When a Roman Catholic scholar involved in the Dead Sea Scrolls Project discovers a heretical message contained in one of the Scrolls he hides it. Decades later, a prominent archeologist discovers reference to the scroll in an archeological dig. This discovery spurs the world religions into a dangerous game of cat and mouse, in which all who seek the hidden scroll are mysteriously silenced, leaving the salvation of humankind to a father and son, who must either find the hidden scroll … or die trying.

More Fun Facts About The Dead Sea Scrolls!

Fun Fact 12

Science and the Dead Sea Scrolls. Now, here is where it gets interesting, from a technical point of view. The scrolls have been dated by paleography (the study of age-indicative, period-specific writing styles) and Carbon-14 analysis. From this we have learned that the biblical scrolls date from 250-150 BCE; sectarian and non-biblical scrolls date from 100 BCE-70 CE. Scroll fragments have been matched by paleography, scribe-specific writing styles, C-14 dating, and even mitochondrial DNA analysis of the parchment they are written upon. Those scrolls that are blackened beyond readability have had the text teased out by multispectral imaging. DNA analysis has determined that biblical texts were written on bovine parchment, sectarian texts on sheep parchment, and non-biblical texts on sheep or Ibex. Wow, what a worthless piece of information. But no, really it’s not, and here’s why: there is no reason to believe cows were raised at Qumran. There were no cow bones found in the communal dump, and it is the wrong terrain for them. This suggests that the biblical texts were not penned at Qumran, but were imported from other Jewish centers of learning. If the DNA of the scroll parchment can be matched to cow bones at other archeological digs, we may someday learn where these scrolls came from. In the meantime, scientists are using neutron analysis to match the chemical signature of scroll jars with kilns and pottery at other archeological sites. So far they have learned that some of the scroll jars were made at Qumran, but others not – more evidence that some of the scrolls were imported from outside the immediate community.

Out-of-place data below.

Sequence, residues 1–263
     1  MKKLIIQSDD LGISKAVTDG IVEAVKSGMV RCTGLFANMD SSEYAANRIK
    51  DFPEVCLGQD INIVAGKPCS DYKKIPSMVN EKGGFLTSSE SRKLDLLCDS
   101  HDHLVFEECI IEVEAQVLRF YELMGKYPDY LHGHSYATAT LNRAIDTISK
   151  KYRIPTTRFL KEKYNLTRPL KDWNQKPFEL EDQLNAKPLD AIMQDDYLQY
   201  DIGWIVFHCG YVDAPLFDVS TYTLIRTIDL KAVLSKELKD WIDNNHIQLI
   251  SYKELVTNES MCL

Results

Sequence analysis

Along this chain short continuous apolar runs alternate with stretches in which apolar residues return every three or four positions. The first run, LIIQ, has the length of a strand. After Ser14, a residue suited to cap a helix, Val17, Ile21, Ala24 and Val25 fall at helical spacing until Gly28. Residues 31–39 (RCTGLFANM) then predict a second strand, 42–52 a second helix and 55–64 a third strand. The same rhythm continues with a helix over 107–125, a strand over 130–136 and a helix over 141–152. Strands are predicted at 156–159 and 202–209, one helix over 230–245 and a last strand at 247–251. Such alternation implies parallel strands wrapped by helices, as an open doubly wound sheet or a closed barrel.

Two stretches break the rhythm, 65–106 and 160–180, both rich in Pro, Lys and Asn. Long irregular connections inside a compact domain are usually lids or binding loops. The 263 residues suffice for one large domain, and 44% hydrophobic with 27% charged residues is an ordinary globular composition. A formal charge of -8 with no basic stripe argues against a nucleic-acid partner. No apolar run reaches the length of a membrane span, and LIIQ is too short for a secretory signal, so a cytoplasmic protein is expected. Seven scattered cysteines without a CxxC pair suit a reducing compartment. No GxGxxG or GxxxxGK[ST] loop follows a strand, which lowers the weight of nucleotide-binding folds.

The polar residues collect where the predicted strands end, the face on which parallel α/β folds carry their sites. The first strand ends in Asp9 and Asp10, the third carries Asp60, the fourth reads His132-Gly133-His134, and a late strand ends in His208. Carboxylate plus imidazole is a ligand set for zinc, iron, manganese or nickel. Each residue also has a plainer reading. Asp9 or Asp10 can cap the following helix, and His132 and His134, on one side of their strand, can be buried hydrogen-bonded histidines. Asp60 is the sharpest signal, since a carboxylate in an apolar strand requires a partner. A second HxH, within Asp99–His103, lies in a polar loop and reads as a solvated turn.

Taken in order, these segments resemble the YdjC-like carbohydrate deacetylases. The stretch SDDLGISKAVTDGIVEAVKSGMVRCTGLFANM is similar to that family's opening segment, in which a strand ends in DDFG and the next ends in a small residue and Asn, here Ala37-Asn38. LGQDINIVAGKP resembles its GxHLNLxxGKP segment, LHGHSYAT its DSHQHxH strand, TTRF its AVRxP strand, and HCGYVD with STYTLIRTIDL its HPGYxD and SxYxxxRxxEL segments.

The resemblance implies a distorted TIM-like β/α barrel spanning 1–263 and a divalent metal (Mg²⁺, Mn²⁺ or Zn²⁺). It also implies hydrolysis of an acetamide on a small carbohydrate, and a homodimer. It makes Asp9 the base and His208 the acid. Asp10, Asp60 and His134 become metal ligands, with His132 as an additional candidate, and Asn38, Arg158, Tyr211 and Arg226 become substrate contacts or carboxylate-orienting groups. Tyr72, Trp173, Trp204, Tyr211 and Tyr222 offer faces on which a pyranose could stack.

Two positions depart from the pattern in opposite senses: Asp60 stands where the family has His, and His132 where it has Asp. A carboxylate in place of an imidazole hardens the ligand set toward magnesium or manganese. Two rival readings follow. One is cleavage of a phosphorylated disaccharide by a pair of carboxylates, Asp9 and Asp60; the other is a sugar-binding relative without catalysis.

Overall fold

1. Outside the immediate community? Hm ok... but what does this fact imply in terms of religious history?

  2. Of course, until we discover where the scrolls actually came from, we won't know the full significance of this fact. Some speculate that the scrolls came from the library at Jerusalem, sent to Qumran for safekeeping during the Judean revolt. But nobody knows for certain, so it is best just to note the significance of the find, and wait for answers.